Coming Soon: Kat on Idol!

Yup. That’s me singing with David Cook and I’ve grown such a big head already!

No. I’m not guesting on American Idol to give a rendition of my Irish Song hits!

I’ll be posting weekly rants on what’s going on with the show.

Just a taster of my personal preferences:

I don’t have a “favourite” yet. I do have a few “gotta gos a.s.ap.” candidates, but there is no real standout for me at the moment.

You all knew I was an American and Canadian Idol fan. Of course you did!

Check in tomorrow for my picks and pans and my whinging about that bombastic brute with the roadkill-haircut – Simon Cowell.

Hold onto your hats; it’s gonna be a bumpy ride, because Kat can get really nasty when it comes to this stuff.

See you then!

Kat

P.S. Can someone tell me how we’ve reached the point where a song like Kelly Clarkson’s “My Life Would SUCK Without You” gets released?

That Cat’s Got Talent!

(Photo used sans permission.)

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The Missing Kitty

Blicky Kitty is a maestro

For Old Possum’s he came late,

But he’ll beat Macavity, paws down

At things, Italianate.

He’s a connoisseur of culture;

His Mao’s no Skimbleshanks,

And when it comes to comedy

He’s in the highest ranks.

His prowess as a thespian

Surpasses even Gus,

And Mistoffelees can conjure not

What Blick conveys to us.

Not as old as Deuteronomy

Nor young as Rumpleteazer,

He’s a prodigy in Blogland–

The Internet’s cat-Caesar!

He’s an expert in the world of Art

His taste is très nouveau,

Displaying unique sculpts and

Winning works of Mark Rothko.

Most surprisingly of all I think–

His latest coup d’etat,

Was the masterful designing

Of Kat’s header with one paw!

In summing up, I’d like to say

This cat’s got wit and smarts;

You’d be missing out on much

If you don’t check out his Beaux Arts.

Eliott, I’m sure would be quite keen

An interview to have

With the one forgotten feline…

He could do it from his grave!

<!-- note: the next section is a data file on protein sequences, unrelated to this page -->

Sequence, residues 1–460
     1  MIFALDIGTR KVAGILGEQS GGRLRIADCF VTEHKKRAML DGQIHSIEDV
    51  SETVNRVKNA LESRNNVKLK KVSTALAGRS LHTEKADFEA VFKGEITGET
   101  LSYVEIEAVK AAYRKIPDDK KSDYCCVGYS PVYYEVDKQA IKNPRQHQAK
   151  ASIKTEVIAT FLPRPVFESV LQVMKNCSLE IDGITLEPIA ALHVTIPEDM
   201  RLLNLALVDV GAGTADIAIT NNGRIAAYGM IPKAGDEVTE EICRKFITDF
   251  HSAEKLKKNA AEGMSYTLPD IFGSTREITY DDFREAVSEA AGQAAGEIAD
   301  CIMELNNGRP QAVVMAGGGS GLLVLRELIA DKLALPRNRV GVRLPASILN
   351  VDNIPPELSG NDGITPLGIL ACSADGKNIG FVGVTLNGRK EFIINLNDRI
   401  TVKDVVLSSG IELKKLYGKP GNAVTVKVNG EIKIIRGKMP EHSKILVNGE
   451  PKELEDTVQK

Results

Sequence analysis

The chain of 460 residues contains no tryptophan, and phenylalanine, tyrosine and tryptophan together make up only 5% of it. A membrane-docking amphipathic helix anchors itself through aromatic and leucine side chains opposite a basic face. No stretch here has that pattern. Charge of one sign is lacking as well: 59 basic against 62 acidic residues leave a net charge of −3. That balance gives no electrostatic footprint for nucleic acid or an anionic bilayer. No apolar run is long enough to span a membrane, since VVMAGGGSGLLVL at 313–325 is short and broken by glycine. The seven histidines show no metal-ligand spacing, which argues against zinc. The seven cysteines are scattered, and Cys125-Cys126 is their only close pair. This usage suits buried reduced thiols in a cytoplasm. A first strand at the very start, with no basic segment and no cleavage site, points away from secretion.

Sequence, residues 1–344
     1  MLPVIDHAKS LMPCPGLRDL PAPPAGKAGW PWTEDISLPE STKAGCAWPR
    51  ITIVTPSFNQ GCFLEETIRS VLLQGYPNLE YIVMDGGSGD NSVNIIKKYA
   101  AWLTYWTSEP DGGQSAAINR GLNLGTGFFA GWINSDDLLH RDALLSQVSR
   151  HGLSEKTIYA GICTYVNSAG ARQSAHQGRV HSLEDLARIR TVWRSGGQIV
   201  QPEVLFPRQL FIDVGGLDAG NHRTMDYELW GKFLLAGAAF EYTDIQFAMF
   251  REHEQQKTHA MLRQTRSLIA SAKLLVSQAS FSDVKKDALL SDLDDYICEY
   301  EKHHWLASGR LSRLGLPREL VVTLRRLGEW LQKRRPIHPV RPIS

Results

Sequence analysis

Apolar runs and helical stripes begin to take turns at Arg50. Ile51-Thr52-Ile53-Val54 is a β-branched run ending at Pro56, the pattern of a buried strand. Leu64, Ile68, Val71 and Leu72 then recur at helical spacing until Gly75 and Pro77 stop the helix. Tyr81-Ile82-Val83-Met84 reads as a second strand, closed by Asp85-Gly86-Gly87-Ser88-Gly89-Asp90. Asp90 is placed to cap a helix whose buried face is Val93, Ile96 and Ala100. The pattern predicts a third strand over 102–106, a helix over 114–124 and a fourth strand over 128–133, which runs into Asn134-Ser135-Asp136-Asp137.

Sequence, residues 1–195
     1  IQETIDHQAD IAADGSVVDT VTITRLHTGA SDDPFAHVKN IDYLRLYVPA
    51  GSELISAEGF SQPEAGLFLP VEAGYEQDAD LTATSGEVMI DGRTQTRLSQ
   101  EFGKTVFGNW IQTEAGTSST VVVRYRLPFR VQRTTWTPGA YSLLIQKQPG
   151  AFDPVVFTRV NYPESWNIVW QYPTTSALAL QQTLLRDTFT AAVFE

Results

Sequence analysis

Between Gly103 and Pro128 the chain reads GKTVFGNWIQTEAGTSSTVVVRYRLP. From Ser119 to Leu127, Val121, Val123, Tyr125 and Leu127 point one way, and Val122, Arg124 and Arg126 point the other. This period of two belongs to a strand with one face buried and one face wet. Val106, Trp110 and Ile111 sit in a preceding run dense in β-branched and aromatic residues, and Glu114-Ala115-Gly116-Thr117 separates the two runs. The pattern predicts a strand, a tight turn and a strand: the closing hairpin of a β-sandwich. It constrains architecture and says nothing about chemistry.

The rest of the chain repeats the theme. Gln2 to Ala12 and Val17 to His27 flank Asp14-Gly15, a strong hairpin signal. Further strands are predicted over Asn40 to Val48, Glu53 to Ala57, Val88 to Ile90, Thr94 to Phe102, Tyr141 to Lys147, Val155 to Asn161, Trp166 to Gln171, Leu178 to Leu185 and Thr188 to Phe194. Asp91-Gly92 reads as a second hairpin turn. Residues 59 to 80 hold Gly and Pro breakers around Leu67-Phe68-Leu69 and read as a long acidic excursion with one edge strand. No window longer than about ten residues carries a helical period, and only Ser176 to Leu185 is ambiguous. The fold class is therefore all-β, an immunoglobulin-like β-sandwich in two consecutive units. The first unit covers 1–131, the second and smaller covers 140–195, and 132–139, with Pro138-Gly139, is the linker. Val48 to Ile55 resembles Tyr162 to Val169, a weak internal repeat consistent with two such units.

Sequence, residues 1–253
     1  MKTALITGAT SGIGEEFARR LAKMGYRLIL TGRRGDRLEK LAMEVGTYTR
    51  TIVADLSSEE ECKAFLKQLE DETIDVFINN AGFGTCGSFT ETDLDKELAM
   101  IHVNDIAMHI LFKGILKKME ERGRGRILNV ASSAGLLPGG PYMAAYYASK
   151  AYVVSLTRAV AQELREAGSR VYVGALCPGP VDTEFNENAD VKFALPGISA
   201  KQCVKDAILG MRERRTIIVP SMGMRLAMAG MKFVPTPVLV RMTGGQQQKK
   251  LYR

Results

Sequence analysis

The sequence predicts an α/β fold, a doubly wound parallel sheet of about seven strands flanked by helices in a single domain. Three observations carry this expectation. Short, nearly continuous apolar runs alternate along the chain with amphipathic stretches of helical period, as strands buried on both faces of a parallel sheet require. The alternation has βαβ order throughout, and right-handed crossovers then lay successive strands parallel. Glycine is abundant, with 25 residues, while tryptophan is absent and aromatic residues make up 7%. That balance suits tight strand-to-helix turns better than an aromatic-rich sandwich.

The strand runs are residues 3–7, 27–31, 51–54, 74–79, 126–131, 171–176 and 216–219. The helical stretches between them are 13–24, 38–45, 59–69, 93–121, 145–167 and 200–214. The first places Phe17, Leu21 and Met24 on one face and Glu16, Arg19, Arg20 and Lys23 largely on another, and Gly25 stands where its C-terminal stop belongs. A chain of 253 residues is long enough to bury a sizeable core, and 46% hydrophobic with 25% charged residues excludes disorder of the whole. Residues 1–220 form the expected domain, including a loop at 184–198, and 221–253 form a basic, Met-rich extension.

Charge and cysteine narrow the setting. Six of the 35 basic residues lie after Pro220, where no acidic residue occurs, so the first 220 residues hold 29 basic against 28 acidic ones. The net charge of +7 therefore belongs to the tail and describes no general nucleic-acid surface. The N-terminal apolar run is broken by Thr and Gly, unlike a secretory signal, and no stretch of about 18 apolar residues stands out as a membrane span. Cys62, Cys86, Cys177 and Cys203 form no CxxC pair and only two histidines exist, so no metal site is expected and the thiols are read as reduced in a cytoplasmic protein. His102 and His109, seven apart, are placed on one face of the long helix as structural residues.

Kathleen Mortensen©2009 Page copy protected against web site content infringement by Copyscape

Kat’s Kleaning Kwerks

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Are you sure you want to know my secrets? This photo is blurry because I’m such a whirlwind!

Okay. Lavinia over at the Birdbath blog has been hounding, er begging, er ‘portuning me to reveal if I have any little peccadilloes when it comes to my cleaning habits. We’re not talking personal hygiene ( I won’t get into that – too long and very little falls into the “need-to-know” category). No. We’re talking house hygiene, if you will. She wants to know if I have any weird little practices as I maintain my tidy Hyggehus. (This from someone who washes all bottles, cans and jugs as they come in the door – not just the tops either; she gives them a proper dunking!)

Are you sure you want to know? Well too bad if you don’t (go read Blasts From the Past instead), ‘cause here we go – more of the minutiae of life which for some reason we all seem to have a fascination (look at the Twitter phenomena, if you don’t believe me – by the way I’m “Poetikat47” if you’re looking for me over there).

(above) My cleaning arsenal

Anyhow, here are my oddball (my husband will back me up, I’m certain – wait ’til he sees that photo) habits: